From: fantasai (email@example.com)
Date: Mon Jun 13 2005 - 17:14:30 CDT
Erik van der Poel wrote:
> [I'm not on the www-style list.]
> fantasai wrote:
>> For characters within the same inline sequence.
>> 1. Shaping and joining behavior MUST NOT be affected by element
> If the CSS "display" property is set to "none" for a particular element,
> then perhaps the characters in adjacent displayable elements should not
> be joined to the characters in the "display: none" element.
> (Maybe you already thought of this, and that is what is meant by "same
> inline sequence"?)
No, I hadn't thought of that. But if an element is display: none, then
for all rendering purposes it is to be treated as if it wasn't there.
>> 4. Obligatory ligatures MUST NOT be broken if the formatting rules
>> introduce no extra space between the affected characters, even
>> if this means some of the characters are rendered in the wrong
>> font or as part of the wrong visual element.
> Perhaps the spec could say that an implementation MAY honor such things
> as a color change (which may not be possible in current font
> technologies such as OpenType?)
Of course if the system is somehow capable of honoring both the style
rules and the ligature formation, it should be allowed to do so. :)
> or MAY instead use the isolated forms of
> the individual characters. I don't know whether the obligatory ligature
> rules should trump the style rules.
Yeah, I'm not too set on this one. But I don't know how critical it is
for the affected scripts. If the font isn't changing at all, though, then
the spec should require that the ligature be formed across element
boundaries. I suspect it might be simpler just to make the exception apply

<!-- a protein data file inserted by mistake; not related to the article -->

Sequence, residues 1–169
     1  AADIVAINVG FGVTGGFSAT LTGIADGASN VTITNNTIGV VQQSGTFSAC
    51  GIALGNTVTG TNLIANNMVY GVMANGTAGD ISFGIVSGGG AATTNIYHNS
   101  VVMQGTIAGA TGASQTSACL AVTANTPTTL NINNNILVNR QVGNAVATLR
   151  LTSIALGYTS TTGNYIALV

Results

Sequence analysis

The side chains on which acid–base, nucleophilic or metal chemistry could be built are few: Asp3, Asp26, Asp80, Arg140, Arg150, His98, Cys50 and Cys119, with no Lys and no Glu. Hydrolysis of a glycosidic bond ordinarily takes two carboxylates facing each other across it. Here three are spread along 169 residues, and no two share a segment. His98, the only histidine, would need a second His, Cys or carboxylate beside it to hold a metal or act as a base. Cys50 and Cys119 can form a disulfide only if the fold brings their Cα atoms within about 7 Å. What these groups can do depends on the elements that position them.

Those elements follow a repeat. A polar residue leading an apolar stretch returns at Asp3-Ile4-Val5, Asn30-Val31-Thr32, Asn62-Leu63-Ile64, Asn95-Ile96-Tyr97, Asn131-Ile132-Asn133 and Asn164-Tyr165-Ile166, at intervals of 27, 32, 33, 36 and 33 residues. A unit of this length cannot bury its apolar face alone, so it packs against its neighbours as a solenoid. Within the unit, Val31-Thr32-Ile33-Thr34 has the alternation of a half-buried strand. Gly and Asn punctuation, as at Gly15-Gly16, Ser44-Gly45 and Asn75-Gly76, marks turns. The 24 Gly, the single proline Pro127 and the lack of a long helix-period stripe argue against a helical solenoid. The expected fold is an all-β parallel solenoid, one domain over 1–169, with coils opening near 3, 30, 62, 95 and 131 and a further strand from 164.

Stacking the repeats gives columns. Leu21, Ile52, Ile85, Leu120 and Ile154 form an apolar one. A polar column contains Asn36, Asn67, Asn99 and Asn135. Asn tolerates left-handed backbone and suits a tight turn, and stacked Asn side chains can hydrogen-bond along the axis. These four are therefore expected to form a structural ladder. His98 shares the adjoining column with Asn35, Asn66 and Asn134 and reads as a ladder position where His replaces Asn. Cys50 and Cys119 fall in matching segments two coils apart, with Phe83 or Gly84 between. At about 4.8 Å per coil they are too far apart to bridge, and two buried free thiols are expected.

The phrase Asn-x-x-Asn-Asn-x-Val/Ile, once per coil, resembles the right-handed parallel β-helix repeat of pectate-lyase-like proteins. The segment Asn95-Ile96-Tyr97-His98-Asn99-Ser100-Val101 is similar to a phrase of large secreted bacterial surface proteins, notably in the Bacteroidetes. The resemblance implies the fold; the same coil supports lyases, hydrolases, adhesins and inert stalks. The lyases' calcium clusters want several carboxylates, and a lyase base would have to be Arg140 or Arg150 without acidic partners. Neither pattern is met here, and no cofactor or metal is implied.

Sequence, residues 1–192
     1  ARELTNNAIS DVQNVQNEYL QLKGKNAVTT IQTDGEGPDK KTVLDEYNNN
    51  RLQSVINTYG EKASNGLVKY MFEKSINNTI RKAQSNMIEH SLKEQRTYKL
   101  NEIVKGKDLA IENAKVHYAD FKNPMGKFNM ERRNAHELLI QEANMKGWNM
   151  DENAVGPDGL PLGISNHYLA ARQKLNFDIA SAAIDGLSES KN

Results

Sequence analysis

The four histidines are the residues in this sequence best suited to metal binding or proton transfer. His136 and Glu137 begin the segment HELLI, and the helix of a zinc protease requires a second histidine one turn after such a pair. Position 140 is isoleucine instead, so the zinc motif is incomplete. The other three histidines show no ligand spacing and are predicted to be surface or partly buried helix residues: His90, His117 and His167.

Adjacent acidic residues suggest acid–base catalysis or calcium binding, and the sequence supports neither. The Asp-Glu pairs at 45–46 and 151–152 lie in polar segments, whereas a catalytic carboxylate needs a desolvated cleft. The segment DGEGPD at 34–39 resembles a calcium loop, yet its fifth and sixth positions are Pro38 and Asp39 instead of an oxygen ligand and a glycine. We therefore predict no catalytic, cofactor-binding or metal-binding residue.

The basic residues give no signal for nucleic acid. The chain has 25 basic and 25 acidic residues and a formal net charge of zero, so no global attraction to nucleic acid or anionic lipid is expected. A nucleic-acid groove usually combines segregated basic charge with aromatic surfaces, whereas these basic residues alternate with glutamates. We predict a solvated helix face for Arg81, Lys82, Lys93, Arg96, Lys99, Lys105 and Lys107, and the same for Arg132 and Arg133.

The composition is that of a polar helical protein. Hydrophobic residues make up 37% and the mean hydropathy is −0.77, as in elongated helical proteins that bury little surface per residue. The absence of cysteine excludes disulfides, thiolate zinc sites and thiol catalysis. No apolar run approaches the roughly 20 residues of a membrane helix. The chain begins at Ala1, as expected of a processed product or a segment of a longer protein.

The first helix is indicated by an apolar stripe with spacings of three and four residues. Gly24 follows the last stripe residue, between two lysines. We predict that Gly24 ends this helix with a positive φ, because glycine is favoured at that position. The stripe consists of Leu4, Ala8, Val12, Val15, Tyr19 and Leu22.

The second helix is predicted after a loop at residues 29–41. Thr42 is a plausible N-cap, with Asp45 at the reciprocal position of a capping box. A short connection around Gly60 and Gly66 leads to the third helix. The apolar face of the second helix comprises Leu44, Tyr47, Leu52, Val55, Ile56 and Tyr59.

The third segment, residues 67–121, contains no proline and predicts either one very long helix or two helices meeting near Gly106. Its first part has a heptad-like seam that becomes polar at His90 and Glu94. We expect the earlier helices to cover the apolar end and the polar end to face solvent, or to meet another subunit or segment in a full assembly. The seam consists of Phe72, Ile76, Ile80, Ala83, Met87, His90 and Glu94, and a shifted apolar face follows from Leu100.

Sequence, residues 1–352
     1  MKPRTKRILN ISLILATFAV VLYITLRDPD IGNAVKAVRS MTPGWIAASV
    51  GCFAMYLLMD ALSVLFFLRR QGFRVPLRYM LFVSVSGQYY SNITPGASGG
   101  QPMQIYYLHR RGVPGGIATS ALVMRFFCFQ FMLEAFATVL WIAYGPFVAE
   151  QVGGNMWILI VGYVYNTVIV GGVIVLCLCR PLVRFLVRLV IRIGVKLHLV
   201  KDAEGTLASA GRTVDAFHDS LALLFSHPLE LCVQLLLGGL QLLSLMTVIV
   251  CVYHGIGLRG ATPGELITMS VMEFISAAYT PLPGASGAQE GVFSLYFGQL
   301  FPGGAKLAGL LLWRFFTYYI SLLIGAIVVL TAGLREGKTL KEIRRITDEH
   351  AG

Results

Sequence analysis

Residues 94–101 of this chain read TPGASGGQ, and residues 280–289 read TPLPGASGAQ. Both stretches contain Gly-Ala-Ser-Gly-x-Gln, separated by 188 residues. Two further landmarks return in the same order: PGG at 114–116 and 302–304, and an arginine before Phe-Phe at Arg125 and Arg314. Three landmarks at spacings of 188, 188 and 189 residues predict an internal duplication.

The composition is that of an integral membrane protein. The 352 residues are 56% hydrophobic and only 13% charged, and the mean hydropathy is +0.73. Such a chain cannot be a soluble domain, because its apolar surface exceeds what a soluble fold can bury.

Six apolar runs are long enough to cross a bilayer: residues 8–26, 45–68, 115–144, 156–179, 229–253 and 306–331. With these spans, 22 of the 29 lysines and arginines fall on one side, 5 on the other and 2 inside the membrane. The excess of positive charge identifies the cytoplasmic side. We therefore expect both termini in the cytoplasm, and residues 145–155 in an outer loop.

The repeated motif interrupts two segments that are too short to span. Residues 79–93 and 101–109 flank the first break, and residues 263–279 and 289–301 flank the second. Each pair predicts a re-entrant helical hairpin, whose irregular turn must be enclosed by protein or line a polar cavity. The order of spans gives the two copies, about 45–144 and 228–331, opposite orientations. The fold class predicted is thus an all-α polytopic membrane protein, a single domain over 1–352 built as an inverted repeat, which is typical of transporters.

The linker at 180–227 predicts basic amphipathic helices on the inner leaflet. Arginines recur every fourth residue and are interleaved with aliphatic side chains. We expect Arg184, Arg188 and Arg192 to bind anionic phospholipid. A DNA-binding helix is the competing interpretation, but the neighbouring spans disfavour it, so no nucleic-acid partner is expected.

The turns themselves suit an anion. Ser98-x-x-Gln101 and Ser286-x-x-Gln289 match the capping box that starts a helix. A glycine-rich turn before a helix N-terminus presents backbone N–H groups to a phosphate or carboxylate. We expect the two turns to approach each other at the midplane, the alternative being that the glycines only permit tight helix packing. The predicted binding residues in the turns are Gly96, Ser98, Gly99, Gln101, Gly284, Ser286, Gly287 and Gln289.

even in cases where the font changes.
>> 5. Combining characters MUST be rendered as the combined grapheme
>> cluster if the system is capable of rendering the combination,
>> even if this means some of the characters are rendered in the
>> wrong font or as part of the wrong visual element. The combined
>> grapheme cluster SHOULD be rendered as part of the base
>> character's element, or, in the case of combining jamos, the
>> initial character's element.
> Here again, shouldn't the style rules trump the Unicode rules?
> Otherwise, why should we even allow tags to be inserted between such
In this case, I think it's more important for the grapheme cluster to
be rendered as one unit. An 'a' with an acute accent should have its
acute accent on top, and a Hangul syllable expressed as individual
pieces should be presented as its proper syllable block. Breaking
ligatures like alef-lam looks weird, but it wouldn't be as bad as
breaking such combinations: alef and lam appear individually quite
frequently, but combining vowels and diacritics don't.
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